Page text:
Pillar III of the National Cyber Strategy is aptly named “Preserve Peace through Strength.” It commits the United States to “promote a framework of responsible state behavior in cyberspace built upon international law, adherence to voluntary non-binding norms of state behavior that apply during peacetime, and the consideration of practical confidence-building measures to reduce the risk of conflict.”

Broad international consensus around these three elements – international law, peacetime norms, and confidence-building measures – is the signature accomplishment of cyber diplomacy in the last decade. The consensus reports of the 2010, 2013, and 2015 Group of Governmental Experts presents the elements of this framework. The UN General Assembly, through 2015, ’16, and ’18 resolutions, reaffirmed that all states should follow the reports’ recommendations. Our National Cyber Strategy commits the United States to preserve and build upon this accomplishment even as certain states appear poised to undermine it.

We believe the time is now to prioritize universalization and implementation of the Framework for Responsible State Behavior, because doing so is in all states’ interests. That’s why cyber capacity-building forms an integral element of our National Cyber Strategy, and I know many of our partners here are particularly committed to this as well. In our interconnected world, we are only as strong as our weakest link. We must work to ensure that states that want to act responsibly in cyberspace have the means to do so, which includes protecting their networks from malicious state and non-state actors. To this end, since 2014, the State Department alone has invested more than $70 million to build cyber capacity and strengthen the fight against cyber crime.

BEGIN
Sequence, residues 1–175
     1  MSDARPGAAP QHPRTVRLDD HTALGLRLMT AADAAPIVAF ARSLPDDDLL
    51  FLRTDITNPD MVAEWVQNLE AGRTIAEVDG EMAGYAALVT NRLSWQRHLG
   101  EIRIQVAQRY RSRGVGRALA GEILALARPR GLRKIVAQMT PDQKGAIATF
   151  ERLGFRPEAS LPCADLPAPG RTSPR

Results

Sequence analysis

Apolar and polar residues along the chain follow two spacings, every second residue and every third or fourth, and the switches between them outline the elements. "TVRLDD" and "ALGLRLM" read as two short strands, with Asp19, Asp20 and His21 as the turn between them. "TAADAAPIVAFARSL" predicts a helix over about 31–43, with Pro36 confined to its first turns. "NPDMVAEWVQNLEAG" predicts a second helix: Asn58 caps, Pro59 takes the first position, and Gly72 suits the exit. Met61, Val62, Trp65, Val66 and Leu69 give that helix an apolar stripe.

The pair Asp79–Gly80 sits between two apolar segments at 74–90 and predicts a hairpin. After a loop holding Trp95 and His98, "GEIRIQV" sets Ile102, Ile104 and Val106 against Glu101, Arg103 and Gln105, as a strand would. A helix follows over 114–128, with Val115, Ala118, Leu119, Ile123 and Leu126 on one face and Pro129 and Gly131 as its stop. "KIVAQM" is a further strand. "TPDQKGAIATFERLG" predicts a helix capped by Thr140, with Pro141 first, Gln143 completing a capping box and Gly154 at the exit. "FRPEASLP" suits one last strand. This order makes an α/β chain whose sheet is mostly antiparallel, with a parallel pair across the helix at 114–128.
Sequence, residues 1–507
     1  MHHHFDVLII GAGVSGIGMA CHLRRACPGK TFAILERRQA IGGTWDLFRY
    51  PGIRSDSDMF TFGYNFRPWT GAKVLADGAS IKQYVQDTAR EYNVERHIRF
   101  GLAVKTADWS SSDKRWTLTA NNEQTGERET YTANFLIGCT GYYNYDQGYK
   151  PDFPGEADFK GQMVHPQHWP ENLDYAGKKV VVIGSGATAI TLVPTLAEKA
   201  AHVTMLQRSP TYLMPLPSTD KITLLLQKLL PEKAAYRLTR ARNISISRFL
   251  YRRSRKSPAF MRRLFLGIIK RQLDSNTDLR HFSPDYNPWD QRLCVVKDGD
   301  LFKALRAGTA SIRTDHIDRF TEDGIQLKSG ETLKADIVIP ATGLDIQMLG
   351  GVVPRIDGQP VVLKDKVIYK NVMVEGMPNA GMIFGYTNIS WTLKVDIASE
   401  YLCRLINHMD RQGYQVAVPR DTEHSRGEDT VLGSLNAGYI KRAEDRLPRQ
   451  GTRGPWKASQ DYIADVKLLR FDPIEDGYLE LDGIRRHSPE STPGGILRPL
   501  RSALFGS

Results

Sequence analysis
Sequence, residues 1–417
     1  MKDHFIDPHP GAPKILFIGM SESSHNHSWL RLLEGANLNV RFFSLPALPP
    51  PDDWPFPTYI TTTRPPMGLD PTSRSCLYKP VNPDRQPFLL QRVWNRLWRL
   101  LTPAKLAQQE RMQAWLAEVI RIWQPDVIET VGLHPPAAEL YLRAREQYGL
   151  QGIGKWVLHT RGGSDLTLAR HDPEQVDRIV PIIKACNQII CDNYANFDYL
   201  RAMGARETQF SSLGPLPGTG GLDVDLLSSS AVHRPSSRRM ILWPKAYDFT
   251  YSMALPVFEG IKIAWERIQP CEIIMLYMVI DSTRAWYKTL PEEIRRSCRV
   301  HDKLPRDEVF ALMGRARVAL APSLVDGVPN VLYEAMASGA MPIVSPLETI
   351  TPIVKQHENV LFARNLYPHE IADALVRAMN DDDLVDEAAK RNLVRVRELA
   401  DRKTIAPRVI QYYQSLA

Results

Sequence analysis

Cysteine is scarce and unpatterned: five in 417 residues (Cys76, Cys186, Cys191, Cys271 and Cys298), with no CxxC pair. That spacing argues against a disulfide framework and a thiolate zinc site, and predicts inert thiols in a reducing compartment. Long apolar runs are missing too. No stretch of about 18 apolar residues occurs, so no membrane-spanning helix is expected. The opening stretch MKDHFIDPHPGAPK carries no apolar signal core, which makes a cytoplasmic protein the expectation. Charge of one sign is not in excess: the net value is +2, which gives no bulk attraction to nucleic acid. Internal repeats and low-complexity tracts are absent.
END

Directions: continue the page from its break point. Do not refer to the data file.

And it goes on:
The priorities I have just described will guide our strategy in the coming UN negotiations on international security issues in cyberspace. Over the next two years, we will engage in not one but two negotiation processes: another UN Group of Governmental Experts and a new Open-Ended Working Group. Some expect these parallel processes will create tension. We in the

United States, on the other hand, view them as opportunities, provided that we can hold the line against attempts to rewrite our past consensus achieved here.

We will look to Ambassador Patriota from Brazil and Ambassador Lauber from Sweden[1] to refine critical guidance to states and identify ways to improve capacity across the board. Our hope is to reach consensus in both venues, and we’re prepared to work with all well-intentioned states to achieve this goal.

As we make a concerted effort together to achieve success in the coming negotiations, we also must not lose sight of what matters most to our people: safety and security from malicious cyber activities. To accomplish this, we need all states not only to adopt the Framework for Responsible State Behavior, but most importantly to abide by it.

Sadly, the record has been mixed in recent years. We have seen cyber attacks on critical infrastructure, like the 2017 NotPetya example I cited earlier; cyber-enabled election interference in a number of countries; and state-sponsored theft of trade secrets for commercial gain. While we should be proud of our efforts to identify nonbinding norms for responsible state behavior over the last decade, we have yet to build mechanisms to hold – for holding accountable states that transgress those norms.

We need to work together to do this now.